The recently Johor election was the latest of the beatings that Pakatan Harapan has suffered, following its poor showing in the previous Malacca and Sarawak elections.
For concerned Malaysians, the electoral thrashing suggests a fading hope for wide-ranging social reform and a different Malaysia.
This is because when the PH pact won unprecedentedly in the 2018 general election and subsequently occupied Putrajaya, its triumph signalled a pregnant hope (harapan in Malay) to many folks that a “better Malaysia” was on the horizon.
But that hope was abruptly shaken after PH was unceremoniously ousted by the Sheraton Move plotters, thus ending its 22-month rule. A substantial portion of that hope was left unfulfilled.
In the aftermath of the Johor polls, which saw Barisan Nasional gain a ‘supermajority’ of 40 out of 56 state seats, PH leaders were seen licking their wounds.
In fact, PH leaders wondered aloud about what went wrong at the Johor hustings.
For one thing, a lack of unity within the opposition coalition was partly the reason for its electoral beating. It was as if its leaders turned a blind eye to the prospects that a field crowded with opposition parties – disunited, at that – could lead to the coveted prize being handed over to BN.
The perception of a disunited front did not instil confidence in voters that the PH pact was ready to form a stable government.
The coalition’s apparent lack of a common vision was detrimental to PH because constituents generally like to envision the long-term prospects for Malaysia. It is in this context that PH was expected to reveal its candidate for Johor menteri besar – which it did not.
While playing the crucial role of an effective opposition, PH leaders must also behave like a government-in-waiting, armed with the required confidence and vision of what it stands for.
If PH is indeed an alternative to the grand old BN that voters are to choose at the ballot boxes, then it is incumbent on PH to show how different, if at all, it is in terms of the policies and laws it would craft, and its approach towards the needy and marginalised in society.
In the wake of the epidemic that has adversely affected the livelihoods of people, increased poverty, raised debts, pushed up the costs of living, leading to a daily struggle for some to put food on the table, the bread-and-butter issues of the people obviously ought to be addressed adequately by PH politicians, especially if the coalition assumes federal power again.
This is apart from the pact being expected to attend to issues of human rights and civil liberties, some of which have been eroded by the existence of certain undemocratic laws.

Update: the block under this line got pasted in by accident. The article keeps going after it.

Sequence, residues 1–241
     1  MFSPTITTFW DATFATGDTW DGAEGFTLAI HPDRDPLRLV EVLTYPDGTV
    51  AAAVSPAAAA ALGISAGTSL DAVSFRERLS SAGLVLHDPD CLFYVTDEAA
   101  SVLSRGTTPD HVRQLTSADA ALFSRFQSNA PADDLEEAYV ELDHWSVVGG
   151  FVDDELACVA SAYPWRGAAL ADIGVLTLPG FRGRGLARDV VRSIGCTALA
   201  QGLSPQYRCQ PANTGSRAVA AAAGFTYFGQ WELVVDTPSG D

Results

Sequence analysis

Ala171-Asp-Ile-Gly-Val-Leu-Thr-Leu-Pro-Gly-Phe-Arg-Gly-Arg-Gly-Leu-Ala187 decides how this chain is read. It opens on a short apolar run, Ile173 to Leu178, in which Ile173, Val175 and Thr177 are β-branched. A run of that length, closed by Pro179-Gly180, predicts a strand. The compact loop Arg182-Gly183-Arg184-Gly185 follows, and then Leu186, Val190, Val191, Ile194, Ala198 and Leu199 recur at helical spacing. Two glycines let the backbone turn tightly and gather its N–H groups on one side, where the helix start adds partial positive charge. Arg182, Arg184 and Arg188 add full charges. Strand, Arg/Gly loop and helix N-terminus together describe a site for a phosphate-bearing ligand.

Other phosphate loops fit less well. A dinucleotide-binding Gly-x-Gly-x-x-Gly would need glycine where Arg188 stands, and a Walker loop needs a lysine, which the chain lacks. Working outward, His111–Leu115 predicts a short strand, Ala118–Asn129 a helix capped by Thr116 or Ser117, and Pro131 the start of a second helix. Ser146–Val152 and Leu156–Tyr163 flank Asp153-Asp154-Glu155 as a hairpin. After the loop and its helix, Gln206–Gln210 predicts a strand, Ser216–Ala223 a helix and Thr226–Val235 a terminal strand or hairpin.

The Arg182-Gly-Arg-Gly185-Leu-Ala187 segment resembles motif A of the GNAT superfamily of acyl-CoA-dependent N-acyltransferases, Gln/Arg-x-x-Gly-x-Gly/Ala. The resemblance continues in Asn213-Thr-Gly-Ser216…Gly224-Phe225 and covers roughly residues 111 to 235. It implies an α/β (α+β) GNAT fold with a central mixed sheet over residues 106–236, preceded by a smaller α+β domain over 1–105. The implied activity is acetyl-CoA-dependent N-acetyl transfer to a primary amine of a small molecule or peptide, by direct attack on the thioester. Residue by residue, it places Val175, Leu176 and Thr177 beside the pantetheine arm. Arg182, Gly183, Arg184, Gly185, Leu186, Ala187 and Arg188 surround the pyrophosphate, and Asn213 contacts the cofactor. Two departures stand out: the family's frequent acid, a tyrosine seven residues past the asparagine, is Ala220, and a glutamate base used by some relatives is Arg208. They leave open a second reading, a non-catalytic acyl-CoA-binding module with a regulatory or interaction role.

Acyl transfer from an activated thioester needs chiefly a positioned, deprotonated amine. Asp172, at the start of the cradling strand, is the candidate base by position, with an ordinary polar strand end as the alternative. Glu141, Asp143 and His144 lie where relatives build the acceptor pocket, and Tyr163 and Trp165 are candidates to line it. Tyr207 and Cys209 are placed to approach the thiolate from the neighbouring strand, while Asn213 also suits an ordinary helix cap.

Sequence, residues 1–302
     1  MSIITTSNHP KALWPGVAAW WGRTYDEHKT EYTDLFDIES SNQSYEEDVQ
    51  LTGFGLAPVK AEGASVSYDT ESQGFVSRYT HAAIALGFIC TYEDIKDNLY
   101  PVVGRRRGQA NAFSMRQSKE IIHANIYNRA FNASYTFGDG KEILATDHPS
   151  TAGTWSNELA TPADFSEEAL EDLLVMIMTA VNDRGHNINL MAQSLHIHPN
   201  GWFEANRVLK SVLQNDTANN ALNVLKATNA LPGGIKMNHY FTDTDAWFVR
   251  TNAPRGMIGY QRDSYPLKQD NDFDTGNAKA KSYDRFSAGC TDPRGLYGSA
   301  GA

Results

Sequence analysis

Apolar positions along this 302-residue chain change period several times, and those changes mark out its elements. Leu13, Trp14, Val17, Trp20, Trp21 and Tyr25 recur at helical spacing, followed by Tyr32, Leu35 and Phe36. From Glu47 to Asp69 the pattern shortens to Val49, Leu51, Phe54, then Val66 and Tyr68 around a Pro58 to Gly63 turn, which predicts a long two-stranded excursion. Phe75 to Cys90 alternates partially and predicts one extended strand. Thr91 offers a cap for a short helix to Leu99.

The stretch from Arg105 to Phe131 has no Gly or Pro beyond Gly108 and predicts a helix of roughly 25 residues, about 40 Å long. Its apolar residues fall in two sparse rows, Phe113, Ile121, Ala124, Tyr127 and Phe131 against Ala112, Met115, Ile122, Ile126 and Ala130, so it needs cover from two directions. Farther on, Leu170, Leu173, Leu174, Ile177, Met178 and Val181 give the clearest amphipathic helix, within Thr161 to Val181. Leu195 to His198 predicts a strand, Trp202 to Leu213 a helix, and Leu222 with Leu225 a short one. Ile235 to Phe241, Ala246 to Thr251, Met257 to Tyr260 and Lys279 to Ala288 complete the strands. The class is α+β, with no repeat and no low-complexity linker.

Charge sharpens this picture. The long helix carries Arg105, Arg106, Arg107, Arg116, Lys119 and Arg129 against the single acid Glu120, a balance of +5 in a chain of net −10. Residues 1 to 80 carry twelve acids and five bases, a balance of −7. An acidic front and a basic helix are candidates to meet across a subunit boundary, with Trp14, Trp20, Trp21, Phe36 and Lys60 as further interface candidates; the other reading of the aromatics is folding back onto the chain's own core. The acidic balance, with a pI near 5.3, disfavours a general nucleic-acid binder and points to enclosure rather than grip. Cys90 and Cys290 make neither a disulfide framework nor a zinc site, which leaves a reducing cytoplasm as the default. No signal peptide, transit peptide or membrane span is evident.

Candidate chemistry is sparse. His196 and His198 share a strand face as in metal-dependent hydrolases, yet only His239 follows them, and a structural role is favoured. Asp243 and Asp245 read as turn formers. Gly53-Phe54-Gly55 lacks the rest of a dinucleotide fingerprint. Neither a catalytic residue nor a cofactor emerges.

In terms of policies, concerned Malaysians would want to know, for example, whether a PH government would be inclined to spend more money on the public healthcare system to cater to the public, especially the ageing population and the bottom 40% of households – and not be content with the surge of private hospitals that also have an eye on medical tourists to boost their revenue.
What about a policy on the environment? In light of climate change, would there be a conscious effort from PH leaders to protect rainforest and forest reserves, in particular, against the voracious appetite of developers and capitalists to exploit them for commercial purposes to the detriment of the environment? A distorted physical environment should not be the legacy to be handed over to our future generations.
Our education system, particularly public schools, is said to be in dire need of revamp to address issues such as the lack of meritocracy, questionable educational standards and ethnic segregation.
The proliferation of international schools does not mean we have a robust education system we can be proud of – nor is it fair to those who cannot afford them. A government worth its salt is expected to attend to this important matter as it concerns future generations.
Malaysians would expect a housing policy that puts emphasis on affordable housing particularly for the lower-income groups – not one that panders to the desire of private developers who seek big bucks out of mainly building and selling luxury houses.
A good public transport system would help facilitate the mobility of the majority, particularly in urban centres – and reduce traffic congestion and air pollution.
These are some of the policies and measures that would make a marked difference to the majority of Malaysians. This approach might also help to distinguish PH from the rest.
If indeed a general election is around the corner, then we would expect PH elected representatives to cease letting off steam in public, and instead redress their weaknesses, including infighting, so that they can face the polls with adequate preparation and much confidence.
Fresh faces with new ideas in the leadership may well be a bonus to the pact as it would help excite voters who are already politically fatigued.
If PH is supposed to be the beacon of hope, it must get its act together to achieve electoral success, which would enable it to contribute to the betterment of society, particularly the wellbeing of the lower-income groups of various backgrounds.
The political shenanigans and defeats notwithstanding, many Malaysians still cling to a hope of a just, compassionate, inclusive and progressive Malaysia. Will this hope be squandered again? – The Malaysian Insight